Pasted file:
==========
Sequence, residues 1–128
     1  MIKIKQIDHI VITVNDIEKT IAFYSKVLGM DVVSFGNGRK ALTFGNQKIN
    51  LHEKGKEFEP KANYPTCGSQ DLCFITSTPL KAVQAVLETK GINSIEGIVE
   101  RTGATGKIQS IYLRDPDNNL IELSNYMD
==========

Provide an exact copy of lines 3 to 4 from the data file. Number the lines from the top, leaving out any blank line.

    51  LHEKGKEFEP KANYPTCGSQ DLCFITSTPL KAVQAVLETK GINSIEGIVE
   101  RTGATGKIQS IYLRDPDNNL IELSNYMD